Nepal's Maoist Chief Under Fire for India Bashing

By Sudeshna Sarkar

Kathmandu, Nov 25 (IANS) A war cry against neighbour India has landed Nepal's Maoist chief Pushpa Kamal Dahal Prachanda under fire, both from the ruling parties as well as his own followers.

Struggling to retain his grip on leadership, former revolutionary Prachanda's India bashing at the ongoing key meeting of the party was dismissed by the main ruling parties, who called it a case of sour grapes.

Former finance minister Prakash Chandra Lohani, whose Rastriya Janashakti Party is an ally of caretaker Prime Minister Madhav Kumar Nepal, said Prachanda's effort to brand India as the "arch enemy" stemmed from the former guerrillas' chagrin at being unable to return to power through the prime ministerial election, which they had to quit following a vote-buying scandal.

The Nepali Congress, the largest party in the ruling alliance, said it was a bid to stoke a cold war between New Delhi and Kathmandu.

Arjun Narsingh KC, spokesman of the party, counter-charged the Maoists with violating the peace accord they had signed four years ago by making their guerrilla fighters, whom they were to have discharged in 2006, take part in the ongoing sixth plenum of the party that will decide its future strategy.

Former tourism minister Pradeep Gyawali, who belongs to the prime minister's Communist Party of Nepal-Unified Marxist Leninist, said Prachanda was trying to whip up anti-India sentiments to use it as a bargaining tool to be able to return to power.

Gyawali also predicted that the Maoist plenum would not endorse Prachanda's call to prepare for a revolt and a subsequent armed war with India.

While the ruling parties' reaction was expected, Prachanda came under a volley of criticism from his own party members gathered in Palungtar village in faraway Gorkha district.

The most vocal criticism came from a Maoist lawmaker from the farwest, Leela Bhandari, who said Prachanda had met the Indian ambassador to Nepal, Rakesh Sood, 71 times in nine months in violation of diplomatic protocol.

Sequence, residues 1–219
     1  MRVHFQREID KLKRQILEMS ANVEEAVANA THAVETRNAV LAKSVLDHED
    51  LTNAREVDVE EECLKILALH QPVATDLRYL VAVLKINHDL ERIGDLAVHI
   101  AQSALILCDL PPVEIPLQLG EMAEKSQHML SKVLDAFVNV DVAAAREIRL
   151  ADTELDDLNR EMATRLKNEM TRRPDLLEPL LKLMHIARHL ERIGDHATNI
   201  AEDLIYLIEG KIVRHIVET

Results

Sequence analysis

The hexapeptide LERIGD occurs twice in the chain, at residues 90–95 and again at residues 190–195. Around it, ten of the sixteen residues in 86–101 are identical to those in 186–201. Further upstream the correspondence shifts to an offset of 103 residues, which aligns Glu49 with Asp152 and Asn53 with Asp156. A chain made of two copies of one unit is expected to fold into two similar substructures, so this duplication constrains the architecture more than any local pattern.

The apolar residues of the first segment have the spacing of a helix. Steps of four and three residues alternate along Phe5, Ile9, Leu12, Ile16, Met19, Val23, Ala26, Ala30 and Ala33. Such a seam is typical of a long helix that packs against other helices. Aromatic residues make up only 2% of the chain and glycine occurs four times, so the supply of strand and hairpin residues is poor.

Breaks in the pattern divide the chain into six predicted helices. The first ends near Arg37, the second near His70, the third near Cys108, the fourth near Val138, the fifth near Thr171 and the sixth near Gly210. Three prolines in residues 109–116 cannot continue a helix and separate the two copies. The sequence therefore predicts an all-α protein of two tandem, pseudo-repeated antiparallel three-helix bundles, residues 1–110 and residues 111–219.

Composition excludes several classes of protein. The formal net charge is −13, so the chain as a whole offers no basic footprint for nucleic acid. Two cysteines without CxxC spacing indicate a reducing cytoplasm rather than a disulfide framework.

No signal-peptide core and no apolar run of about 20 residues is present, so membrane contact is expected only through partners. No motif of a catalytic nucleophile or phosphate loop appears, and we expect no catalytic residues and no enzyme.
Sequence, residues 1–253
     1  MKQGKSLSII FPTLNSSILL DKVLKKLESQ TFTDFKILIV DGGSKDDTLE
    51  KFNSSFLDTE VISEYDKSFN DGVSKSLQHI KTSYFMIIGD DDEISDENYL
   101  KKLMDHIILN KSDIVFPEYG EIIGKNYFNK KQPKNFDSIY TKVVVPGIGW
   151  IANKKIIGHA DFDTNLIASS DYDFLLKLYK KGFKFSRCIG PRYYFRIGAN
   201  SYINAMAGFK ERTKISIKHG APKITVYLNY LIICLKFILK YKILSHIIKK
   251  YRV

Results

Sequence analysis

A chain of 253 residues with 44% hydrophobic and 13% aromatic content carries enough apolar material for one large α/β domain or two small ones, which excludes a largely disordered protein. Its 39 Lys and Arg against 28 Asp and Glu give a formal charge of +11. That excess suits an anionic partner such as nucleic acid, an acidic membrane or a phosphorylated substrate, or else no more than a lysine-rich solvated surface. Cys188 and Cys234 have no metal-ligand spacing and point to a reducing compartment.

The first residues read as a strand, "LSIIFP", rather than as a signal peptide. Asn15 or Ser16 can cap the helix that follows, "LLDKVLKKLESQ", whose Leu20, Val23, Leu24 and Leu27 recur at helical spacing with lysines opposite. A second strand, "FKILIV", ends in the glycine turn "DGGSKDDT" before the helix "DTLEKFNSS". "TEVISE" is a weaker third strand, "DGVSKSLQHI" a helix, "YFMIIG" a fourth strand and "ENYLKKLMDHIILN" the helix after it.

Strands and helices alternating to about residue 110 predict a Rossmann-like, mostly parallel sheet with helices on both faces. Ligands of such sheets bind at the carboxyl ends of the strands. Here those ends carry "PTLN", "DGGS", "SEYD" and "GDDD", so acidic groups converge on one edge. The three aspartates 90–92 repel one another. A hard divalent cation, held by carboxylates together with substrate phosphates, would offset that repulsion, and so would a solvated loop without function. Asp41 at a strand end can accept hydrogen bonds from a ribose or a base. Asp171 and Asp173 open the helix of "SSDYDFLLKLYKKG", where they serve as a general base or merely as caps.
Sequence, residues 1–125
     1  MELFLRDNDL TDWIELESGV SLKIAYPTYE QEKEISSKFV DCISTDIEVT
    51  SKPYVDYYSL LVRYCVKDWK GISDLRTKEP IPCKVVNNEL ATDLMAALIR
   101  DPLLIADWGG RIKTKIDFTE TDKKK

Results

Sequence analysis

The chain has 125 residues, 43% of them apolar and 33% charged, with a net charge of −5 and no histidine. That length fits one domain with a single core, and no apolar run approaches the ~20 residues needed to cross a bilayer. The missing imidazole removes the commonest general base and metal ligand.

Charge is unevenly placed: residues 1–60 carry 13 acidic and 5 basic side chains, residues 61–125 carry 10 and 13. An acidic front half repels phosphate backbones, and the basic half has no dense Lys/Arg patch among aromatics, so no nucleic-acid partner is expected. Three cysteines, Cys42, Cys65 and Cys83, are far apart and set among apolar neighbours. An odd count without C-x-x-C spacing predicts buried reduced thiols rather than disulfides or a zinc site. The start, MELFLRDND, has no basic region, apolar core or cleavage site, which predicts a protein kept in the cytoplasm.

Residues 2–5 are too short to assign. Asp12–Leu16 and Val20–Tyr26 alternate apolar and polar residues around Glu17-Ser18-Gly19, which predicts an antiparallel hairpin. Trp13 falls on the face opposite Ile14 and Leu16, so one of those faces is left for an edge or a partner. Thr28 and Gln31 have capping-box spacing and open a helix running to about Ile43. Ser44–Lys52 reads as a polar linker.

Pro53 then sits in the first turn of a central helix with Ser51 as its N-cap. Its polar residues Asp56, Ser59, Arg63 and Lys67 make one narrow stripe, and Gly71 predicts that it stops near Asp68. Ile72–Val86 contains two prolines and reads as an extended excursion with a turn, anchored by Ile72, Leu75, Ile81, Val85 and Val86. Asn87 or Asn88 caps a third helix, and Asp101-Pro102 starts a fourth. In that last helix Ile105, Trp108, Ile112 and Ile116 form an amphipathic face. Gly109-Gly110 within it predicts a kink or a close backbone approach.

Prachanda, who has remained the supremo of the Maoist party from its inception to a 10-year insurrection and subsequent return to overground politics in 2006, now faces a battle over leadership with his two deputies challenging his ability and integrity.

The contenders, former Maoist finance minister Baburam Bhattarai and former lawmaker Mohan Baidya Kiran, defied Prachanda at the plenum by presenting separate political documents and attacking him for financial irregularities and virtual dictatorship.

Though Maoist spokesman Dinanath Sharma said the party would remain united despite the differences, there is growing speculation that Nepal's largest party is headed for a three-way split.

Kiran, the most militant among the three leaders who has advocated joining India's Maoists to fight the Indian government, has warned of a revolt against his own party if Prachanda did not rectify his errors.

The turmoil within the Maoist party is also feared to hit Nepal's floundering peace process.

With less than two months left for the discharge and rehabilitation of the Maoist army with its nearly 20,000 guerrilla fighters, the party is now trying to hold on to the combatants.

The ruling parties have retaliated by saying they would not allow the new constitution, the baby of the Maoists, to be promulgated until the Maoist army was discharged.

If the new constitution is not enforced by mid-May 2011, Nepal will be plunged into a deep constitutional crisis with the peace process losing credibility.



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